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Henry David Thoreau as climatologist

One of Walden Pond’s “magic circles,” a hole in the glaze of ice allowed an upwelling of  water that froze overnight.

One of Walden Pond’s “magic circles,” a hole in the glaze of ice allowed an upwelling of water that froze overnight.

Thoreau as climatologist

Two new books by academics roundly praise Henry David Thoreau as a pioneering citizen scientist. Thoreau, for his part, was dismissive of his Harvard education. “Let every sheep keep but his own skin,” he once wrote, referring to his “old joke of a diploma.”

Boston University biology professor Richard B. Primack, who studies the effect of warming temperatures on plants and animals, writes that he has come to regard Thoreau as a scientific colleague. In “Walden Warming: Climate Change Comes to Thoreau’s Woods” (University of Chicago), being published in April, Primack compares Thoreau’s meticulous observations to his own studies. For example, he reports that in 2012, blueberries began flowering on April 1, six weeks earlier than in Thoreau’s time.

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Thoreau’s botanical records have long been admired by naturalists, but what’s been less well known is his grasp of geology, according to “Walden’s Shore: Henry David Thoreau and Nineteenth-Century Science” (Harvard University) by Robert M. Thorson. The book quotes from Thoreau’s journals about a walk he took on a moonlit night in the winter of 1852: “It looks as if the snow and ice of the arctic world, travelling like a glacier, had crept down southward and overwhelmed and buried New England.”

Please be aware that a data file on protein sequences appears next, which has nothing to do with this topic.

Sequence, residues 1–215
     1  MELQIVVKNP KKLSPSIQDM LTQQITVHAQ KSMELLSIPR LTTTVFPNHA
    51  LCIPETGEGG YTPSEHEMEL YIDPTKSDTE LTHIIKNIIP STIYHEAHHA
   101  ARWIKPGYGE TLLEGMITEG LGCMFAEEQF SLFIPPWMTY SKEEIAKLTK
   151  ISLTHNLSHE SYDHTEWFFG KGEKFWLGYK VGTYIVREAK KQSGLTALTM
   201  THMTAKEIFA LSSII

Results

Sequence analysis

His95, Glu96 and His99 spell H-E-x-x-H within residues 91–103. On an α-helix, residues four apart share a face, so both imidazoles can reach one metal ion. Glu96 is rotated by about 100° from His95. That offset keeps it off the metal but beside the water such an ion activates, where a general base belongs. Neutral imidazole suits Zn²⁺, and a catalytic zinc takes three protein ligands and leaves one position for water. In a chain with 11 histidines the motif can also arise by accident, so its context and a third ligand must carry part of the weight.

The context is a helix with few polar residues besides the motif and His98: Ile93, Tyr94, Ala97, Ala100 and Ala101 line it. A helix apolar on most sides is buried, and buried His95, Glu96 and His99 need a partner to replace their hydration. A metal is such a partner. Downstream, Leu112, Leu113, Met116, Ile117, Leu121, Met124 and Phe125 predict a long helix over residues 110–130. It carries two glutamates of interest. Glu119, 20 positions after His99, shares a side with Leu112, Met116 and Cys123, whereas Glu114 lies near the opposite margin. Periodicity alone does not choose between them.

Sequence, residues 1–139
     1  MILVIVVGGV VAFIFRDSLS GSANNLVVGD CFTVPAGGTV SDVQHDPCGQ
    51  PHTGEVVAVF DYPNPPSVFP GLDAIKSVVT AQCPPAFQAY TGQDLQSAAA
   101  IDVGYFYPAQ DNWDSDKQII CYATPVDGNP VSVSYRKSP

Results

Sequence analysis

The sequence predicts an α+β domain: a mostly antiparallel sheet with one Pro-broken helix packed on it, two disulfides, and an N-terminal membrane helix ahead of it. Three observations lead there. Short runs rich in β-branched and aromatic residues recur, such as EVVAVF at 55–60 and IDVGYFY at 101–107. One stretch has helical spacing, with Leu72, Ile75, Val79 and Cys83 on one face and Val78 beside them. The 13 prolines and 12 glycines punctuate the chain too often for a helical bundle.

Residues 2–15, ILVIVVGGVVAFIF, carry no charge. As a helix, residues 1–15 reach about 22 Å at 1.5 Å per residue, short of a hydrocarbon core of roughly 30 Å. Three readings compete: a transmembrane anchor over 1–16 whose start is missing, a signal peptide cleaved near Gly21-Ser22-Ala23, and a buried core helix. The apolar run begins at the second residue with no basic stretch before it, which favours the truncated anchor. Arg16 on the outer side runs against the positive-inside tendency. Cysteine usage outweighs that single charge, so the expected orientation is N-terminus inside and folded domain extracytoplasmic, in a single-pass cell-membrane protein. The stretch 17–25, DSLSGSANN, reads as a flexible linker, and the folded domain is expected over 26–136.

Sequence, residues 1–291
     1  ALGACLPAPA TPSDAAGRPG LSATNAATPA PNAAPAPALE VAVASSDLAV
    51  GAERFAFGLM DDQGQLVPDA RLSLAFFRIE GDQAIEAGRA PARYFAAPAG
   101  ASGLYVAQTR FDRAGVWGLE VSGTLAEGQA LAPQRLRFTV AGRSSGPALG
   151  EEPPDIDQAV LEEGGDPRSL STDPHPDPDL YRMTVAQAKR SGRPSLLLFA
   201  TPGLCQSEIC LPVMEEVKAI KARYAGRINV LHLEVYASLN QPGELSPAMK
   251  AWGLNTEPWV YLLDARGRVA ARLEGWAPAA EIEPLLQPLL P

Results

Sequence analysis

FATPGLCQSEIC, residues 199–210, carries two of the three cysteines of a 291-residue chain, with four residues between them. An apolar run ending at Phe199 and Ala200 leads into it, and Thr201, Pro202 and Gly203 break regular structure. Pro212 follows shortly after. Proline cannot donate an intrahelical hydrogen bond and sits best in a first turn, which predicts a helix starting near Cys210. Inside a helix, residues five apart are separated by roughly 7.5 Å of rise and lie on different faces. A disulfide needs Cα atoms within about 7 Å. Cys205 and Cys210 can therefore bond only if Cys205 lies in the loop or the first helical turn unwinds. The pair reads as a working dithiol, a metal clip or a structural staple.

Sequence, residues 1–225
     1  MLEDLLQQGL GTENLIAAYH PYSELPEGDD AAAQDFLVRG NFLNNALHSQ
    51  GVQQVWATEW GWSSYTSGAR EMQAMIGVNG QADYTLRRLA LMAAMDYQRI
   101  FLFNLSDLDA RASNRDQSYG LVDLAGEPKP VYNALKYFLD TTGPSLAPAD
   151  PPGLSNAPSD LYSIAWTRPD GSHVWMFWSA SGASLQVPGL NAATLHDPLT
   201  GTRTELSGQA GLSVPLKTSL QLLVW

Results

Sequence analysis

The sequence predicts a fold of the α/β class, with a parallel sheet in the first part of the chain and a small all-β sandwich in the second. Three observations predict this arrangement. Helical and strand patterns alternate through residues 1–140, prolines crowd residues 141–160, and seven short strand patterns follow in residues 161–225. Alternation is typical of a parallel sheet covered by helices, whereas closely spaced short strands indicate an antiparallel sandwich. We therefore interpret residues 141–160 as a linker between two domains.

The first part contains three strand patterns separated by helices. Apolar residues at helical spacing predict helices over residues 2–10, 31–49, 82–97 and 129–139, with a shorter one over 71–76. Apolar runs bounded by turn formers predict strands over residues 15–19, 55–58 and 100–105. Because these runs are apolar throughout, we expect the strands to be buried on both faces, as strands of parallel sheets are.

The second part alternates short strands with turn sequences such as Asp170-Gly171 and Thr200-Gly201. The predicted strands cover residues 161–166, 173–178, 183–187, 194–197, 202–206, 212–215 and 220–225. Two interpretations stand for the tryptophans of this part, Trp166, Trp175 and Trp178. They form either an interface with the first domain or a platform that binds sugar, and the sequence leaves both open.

Thorson, who teaches geology at the University of Connecticut, calls this passage the “smoking gun” that proves Thoreau “understood how ice sheets are born, where they come from, how they move, and that one might have visited Concord in the recent geological past.” This wasn’t common knowledge at the time. Thorson will speak at Harvard’s Museum of Natural History at 2 p.m. Saturday. The talk is free with museum admission.

Starred reviews for ‘North of Boston’

Brookline author Elisabeth Elo’s debut novel “North of Boston” (Viking) has received starred reviews in Publishers Weekly and Booklist, two of the book trade’s bibles. In the thriller, Pirio Kasparov sets out to discover why a freighter rammed a fishing boat, a collision that took the life of her friend. Elo, who used to live in Newburyport and once worked at an aquarium on Cape Cod, will read from “North” at Brookline Booksmith at 7 p.m. Tuesday.

Columnist Powers honored

Katherine A. Powers, a literary columnist for The Boston Globe for more than 20 years who is now a columnist for Barnes & Noble Review, is being honored by the National Book Critics Circle. The Cambridge resident is this year’s recipient of the Nona Balakian Citation for Excellence in Reviewing.

Last year Farrar, Straus and Giroux published a book she edited about her father, a National Book Award-winning novelist. It’s called “Suitable Accommodations: An Autobiographical Story of Family Life: The Letters of J.F. Powers, 1942-1963.” In an e-mail, Powers said being on the other side of reviews strengthened her view “of how important it is to write about what a book is about and not what one hoped it was going to be about.”

Coming out

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 “The Second Arab Awakening: And the Battle for Pluralism” by Marwan Muasher (Yale University)

 “An Officer and a Spy”by Robert Harris (Knopf)

 “Ripper”by Isabel Allende (Harper)

Pick of the Week

Jean-Paul Adriaansen of Water Street Books in Exeter, N.H., recommends “Mercy Snow” by Tiffany Baker (Grand Central): “In the sleepy New Hampshire town of Titan Falls, where life fluctuates with the ups and downs of the local paper mill, a school bus crashes into a ravine. The son of the Snow family, always known as good-for-nothing, is accused of causing the accident. Meanwhile, the McAllisters, the mill owners and leading family in town, court trouble as old secrets connected to the Snows threaten to be uncovered.”

Jan Gardner can be reached at JanLGardner @yahoo.com. Follow her @JanLGardner.

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